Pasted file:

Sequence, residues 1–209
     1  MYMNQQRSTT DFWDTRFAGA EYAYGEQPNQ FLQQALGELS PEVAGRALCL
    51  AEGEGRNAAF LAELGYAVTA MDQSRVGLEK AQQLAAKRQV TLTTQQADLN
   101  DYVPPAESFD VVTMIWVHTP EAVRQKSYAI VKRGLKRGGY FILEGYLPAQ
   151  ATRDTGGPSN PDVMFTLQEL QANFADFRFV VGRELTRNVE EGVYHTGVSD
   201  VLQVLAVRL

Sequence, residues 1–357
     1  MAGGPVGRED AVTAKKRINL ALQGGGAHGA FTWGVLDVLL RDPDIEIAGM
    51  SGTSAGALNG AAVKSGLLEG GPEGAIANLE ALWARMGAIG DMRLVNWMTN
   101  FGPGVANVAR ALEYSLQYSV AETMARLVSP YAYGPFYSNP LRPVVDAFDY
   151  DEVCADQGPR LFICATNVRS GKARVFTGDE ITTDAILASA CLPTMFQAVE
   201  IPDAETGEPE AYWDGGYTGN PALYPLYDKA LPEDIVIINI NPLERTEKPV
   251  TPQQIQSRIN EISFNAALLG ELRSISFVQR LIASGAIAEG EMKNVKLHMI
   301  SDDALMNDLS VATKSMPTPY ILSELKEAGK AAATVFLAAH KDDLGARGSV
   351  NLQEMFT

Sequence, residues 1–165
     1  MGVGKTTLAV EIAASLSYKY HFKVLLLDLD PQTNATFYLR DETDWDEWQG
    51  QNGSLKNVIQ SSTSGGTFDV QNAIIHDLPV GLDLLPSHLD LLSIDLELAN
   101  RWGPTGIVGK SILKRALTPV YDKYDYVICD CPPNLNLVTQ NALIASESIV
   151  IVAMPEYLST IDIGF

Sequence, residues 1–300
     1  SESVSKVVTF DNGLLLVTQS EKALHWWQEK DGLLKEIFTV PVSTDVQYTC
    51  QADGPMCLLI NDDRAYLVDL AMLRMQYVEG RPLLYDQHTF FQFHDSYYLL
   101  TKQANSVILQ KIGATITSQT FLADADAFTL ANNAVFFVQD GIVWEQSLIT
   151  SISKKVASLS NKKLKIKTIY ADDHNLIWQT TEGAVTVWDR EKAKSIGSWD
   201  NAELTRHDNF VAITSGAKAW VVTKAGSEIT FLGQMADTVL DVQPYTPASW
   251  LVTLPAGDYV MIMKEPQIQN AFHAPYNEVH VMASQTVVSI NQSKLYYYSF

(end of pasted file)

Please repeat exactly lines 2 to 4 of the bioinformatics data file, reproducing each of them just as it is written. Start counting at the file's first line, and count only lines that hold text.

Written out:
     1  MYMNQQRSTT DFWDTRFAGA EYAYGEQPNQ FLQQALGELS PEVAGRALCL
    51  AEGEGRNAAF LAELGYAVTA MDQSRVGLEK AQQLAAKRQV TLTTQQADLN
   101  DYVPPAESFD VVTMIWVHTP EAVRQKSYAI VKRGLKRGGY FILEGYLPAQ